Located in the heart of one of the biggest cities in the world, it’s no surprise that USC’s Department of Public Safety works closely with the Los Angeles Police Department to ensure the university’s safety.
“LAPD is not here dealing with the students smoking marijuana or drinking alcohol underage, but certainly anytime you’ve got arrests, we’re working together with them, and if there is any kind of investigation, we’re working together with them,” DPS Chief Carey Drayton said. “Because of this, the campus community and the citizens in this community are safer because there are more people working on the same issue — and that is safety in the community.”
Shaped and fostered by a series of Memorandums of Understanding between DPS and LAPD, the relationship between the two entities changed during preparation for the 1984 Summer Olympics held in Los Angeles.
With several of the Olympics’ main venues located in and around USC, including housing for the Olympic athletes on campus and the use of the Los Angeles Memorial Coliseum for events, the summer of 1984 was the turning point in which LAPD became more closely linked with DPS.
When Drayton joined DPS in 2005, he facilitated additional changes to the standing memorandum because the university had grown since the last time the memorandum was put together. Drayton adjusted boundaries for what areas of the USC campus and surrounding neighborhoods were public safety patrol areas, public safety response areas and LAPD reporting districts. Additionally, the position of LAPD senior lead officer was altered so that the individual’s sole jurisdiction is USC.
On a day-to-day basis, LAPD and DPS officers work together intricately, communicating on every hour of every watch.
“We’re working together closely and doing things every day, so when something major happens or if something occurs … I don’t have to call up some stranger,” Drayton said. “It’s somebody that we deal with on a fairly regular basis.”
In addition to communicating and sharing information, DPS and LAPD work hand-in-hand to assist each other in different areas. Through the current memorandum with LAPD, DPS officers have limited arrest powers, though anyone arrested by DPS must be delivered to a LAPD officer without unnecessary delay.
LAPD also helps DPS follow up on crimes reported to DPS. According to Sgt. Brent McGwyre of LAPD’s Southwest division — which presides over USC and the majority of the surrounding area — has officers and a detective assigned to the USC area.
In return, LAPD often calls DPS to handle crimes dealing with students which, as at any university campus, frequently involve students who have had too much to drink.
“In the field, oftentimes if we encounter a USC student, and we feel that it’s better recourse to have them handled via the school, then we can call DPS officers to come and deal with the student.
Typically this is with students that are drunk in public,” McGwyre said. “We as LAPD officers can arrest them for being drunk in public, but sometimes it’s in the best interest of all the parties involved that it’s handled administratively with USC.”
As the relationship between DPS and LAPD has steadily strengthened over recent years, crime statistics have shifted.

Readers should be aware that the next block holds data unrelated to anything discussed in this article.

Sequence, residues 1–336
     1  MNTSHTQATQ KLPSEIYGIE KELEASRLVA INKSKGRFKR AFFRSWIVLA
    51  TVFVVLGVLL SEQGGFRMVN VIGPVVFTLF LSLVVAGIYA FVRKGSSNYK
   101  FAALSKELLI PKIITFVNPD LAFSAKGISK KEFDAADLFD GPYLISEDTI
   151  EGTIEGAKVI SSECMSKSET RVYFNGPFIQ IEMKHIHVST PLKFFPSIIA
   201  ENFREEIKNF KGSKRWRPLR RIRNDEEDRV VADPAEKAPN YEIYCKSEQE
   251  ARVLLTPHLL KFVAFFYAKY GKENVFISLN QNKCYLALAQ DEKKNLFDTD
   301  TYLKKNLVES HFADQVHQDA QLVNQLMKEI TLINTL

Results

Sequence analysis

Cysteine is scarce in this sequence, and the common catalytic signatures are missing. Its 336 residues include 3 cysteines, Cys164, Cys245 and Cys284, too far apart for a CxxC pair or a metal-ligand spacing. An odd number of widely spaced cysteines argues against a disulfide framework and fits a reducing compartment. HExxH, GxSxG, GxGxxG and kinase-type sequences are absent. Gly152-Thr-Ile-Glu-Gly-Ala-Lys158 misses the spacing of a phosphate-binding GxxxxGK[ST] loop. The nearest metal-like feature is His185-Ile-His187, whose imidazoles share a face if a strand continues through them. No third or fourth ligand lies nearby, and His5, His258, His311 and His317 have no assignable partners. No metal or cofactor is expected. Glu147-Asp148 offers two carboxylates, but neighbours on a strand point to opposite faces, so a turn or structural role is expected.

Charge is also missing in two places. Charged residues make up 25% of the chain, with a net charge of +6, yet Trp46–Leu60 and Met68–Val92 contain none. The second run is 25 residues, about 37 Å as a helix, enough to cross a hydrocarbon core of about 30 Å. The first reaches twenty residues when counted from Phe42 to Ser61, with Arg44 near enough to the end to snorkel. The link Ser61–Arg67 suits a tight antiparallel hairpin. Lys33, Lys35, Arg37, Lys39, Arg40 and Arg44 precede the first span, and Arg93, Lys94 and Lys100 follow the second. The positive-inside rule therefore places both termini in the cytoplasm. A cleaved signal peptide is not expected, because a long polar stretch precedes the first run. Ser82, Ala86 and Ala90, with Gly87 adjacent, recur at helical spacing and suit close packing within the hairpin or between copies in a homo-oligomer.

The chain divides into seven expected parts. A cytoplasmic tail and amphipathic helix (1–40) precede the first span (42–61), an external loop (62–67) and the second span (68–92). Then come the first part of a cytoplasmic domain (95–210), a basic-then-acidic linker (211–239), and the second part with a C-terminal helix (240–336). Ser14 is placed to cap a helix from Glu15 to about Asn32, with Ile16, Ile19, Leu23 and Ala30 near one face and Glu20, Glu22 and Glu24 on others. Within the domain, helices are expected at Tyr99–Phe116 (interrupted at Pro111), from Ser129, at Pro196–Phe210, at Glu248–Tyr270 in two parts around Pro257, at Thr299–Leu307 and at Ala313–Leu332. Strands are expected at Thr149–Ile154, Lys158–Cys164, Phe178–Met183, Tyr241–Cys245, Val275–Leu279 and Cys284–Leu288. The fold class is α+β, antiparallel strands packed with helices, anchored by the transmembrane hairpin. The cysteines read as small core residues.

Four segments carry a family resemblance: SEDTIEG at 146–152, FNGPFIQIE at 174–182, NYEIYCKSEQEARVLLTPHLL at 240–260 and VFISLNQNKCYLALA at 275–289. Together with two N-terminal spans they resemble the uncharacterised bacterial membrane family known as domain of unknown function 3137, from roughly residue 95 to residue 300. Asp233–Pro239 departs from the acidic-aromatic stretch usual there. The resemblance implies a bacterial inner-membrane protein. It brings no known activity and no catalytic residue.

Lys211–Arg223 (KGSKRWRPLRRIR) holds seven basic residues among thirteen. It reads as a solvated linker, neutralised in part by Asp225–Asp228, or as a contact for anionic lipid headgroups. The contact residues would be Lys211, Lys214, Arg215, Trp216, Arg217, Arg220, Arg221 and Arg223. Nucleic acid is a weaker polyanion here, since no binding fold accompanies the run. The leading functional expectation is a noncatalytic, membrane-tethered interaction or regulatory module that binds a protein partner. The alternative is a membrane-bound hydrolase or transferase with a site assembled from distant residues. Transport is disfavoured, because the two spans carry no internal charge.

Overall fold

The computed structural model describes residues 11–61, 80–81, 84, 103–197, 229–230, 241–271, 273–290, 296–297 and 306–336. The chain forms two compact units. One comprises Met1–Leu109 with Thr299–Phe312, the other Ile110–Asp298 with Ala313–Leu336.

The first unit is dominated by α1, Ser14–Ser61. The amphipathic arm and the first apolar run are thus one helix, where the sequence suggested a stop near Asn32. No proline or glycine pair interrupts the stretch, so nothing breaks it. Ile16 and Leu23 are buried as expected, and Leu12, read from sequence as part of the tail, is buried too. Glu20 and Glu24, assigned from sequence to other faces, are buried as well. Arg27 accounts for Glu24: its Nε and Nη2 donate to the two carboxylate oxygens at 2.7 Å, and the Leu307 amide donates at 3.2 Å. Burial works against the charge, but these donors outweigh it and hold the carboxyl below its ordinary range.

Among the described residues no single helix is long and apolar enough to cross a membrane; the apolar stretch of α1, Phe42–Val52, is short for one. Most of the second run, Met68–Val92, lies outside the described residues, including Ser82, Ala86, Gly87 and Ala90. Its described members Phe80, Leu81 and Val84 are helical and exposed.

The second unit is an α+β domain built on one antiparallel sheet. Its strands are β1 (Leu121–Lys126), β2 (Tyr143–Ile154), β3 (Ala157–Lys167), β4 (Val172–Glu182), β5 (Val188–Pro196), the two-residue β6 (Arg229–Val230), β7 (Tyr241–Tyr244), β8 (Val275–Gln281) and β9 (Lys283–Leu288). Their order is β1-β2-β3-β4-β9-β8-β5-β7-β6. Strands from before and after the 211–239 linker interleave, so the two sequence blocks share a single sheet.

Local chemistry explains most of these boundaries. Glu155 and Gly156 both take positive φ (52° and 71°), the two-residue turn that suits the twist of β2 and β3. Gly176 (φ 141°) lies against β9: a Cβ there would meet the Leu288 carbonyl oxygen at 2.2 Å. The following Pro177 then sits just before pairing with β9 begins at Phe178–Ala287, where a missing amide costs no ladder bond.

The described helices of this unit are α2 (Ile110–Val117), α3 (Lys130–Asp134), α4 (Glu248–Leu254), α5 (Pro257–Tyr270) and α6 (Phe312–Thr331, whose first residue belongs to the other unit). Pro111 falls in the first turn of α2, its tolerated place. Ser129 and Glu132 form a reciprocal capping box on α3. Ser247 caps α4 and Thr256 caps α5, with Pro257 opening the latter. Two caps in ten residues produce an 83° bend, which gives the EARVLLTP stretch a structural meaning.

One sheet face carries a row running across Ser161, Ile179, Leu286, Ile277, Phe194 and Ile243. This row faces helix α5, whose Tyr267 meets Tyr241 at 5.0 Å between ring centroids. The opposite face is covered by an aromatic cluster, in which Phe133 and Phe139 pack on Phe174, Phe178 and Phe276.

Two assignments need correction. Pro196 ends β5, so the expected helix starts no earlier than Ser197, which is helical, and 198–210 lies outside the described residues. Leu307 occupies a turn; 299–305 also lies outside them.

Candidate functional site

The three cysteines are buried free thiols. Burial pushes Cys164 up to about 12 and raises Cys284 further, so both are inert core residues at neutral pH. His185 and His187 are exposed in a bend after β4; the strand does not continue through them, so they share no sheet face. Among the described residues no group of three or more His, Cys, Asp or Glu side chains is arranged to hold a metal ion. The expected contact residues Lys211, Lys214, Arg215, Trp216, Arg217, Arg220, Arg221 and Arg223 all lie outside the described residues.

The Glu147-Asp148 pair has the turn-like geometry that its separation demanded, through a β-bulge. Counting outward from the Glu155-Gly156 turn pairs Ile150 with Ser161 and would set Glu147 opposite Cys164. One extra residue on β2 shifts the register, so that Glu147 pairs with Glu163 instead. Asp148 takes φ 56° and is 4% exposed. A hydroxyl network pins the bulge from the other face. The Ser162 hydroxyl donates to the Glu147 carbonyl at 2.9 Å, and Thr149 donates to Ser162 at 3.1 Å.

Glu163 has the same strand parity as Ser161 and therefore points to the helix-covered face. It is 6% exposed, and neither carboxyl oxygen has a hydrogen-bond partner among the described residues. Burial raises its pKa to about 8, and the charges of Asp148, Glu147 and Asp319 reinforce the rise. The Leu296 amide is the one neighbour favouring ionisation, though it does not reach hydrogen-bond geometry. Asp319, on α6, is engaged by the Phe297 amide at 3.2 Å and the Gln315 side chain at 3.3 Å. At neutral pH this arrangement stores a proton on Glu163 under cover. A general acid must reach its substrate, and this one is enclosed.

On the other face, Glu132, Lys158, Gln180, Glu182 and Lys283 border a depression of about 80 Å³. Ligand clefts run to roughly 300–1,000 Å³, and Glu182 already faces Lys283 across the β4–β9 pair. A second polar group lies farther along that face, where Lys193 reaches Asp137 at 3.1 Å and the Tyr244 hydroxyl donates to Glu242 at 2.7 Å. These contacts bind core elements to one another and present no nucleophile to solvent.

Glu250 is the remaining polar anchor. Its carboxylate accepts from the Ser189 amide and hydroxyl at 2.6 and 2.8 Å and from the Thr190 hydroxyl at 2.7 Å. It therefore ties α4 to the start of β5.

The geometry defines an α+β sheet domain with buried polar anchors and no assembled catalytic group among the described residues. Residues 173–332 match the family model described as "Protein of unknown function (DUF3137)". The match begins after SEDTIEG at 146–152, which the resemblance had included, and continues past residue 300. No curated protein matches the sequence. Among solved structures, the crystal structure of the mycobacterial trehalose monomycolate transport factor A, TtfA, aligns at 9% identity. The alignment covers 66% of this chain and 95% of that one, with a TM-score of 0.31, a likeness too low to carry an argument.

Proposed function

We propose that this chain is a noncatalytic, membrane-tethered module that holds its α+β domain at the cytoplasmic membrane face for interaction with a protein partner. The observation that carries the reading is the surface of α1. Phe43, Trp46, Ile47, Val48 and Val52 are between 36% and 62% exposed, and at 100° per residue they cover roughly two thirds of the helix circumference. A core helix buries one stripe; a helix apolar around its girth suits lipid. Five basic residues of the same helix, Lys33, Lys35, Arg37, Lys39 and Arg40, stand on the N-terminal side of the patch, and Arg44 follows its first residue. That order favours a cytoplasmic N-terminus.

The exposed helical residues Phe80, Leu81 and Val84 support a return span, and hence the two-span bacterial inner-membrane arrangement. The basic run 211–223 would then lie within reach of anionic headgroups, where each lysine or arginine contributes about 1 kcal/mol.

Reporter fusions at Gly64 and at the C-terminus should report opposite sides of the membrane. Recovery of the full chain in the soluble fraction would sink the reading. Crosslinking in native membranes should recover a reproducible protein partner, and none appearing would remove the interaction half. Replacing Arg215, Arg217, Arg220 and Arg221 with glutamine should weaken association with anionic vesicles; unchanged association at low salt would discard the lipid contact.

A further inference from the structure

“Crime has significantly been dropping in and around the USC campus,” McGwyre said. “And some of that is because of the relationship that has developed between the two agencies.”
According to the 2010 DPS Annual Security and Fire Safety Report, the number of burglaries, robberies, motor vehicle thefts and aggravated assaults on campus are down from last year, though liquor and drug law referrals have skyrocketed — liquor referrals jumped from 29 in 2008 to 107 in 2009, and drug referrals from 47 in 2008 to 95 in 2009.
Off-campus, drug law referrals and burglaries have decreased significantly, while liquor law arrests have increased. The numbers of cases dealt with by LAPD has risen for most crimes.
For larger issues that arise, DPS operates using what it calls the Instant Command System. Although all USC cases start out being handled by DPS, the department that ends up in charge depends on the type of incident.
“On any major incident that happens, we start out with a single command, with us being in place, and then depending upon the situation, we develop a unified command system that would include LAPD, the Los Angeles Fire Department and others,” Drayton said. “As federal reports after 9/11 showed, it was the lack of inter-agency cooperation that caused some of the problems that were generated on the day of 9/11. Just like those kinds of relationships hurt, our relationship conversely helps.”
Freshman Ellen Kaster, an out-of-state student who said she isn’t very familiar with the area surrounding USC, said she was reassured to hear of the close relationship between DPS and LAPD when touring the school, especially after hearing negative stereotypes about the USC neighborhood.
“It’s comforting to know that the safety of our campus is reinforced by such a strong entity that is the LAPD,” said Kaster, a freshman majoring in public relations. “If there was a real problem, it’s good to know that DPS works so closely with the LAPD.”
Caitlin Dowling, a freshman majoring in communication, said she is also impressed with the strength of DPS and the LAPD, specifically their presence on campus.
“The other day I got an e-mail about someone’s personal property being recovered,” Dowling said. “That is amazing and a sign of the growth of our public safety department.”
Drayton anticipates that the relationship between DPS and LAPD will continue to strengthen in years to come, and both agencies will work to provide the other with what is needed to make the USC community safer. McGwyre agreed.
“Anytime DPS needs anything, if it’s in our power to do it, we’ll do it for them, and vice versa,” McGwyre said.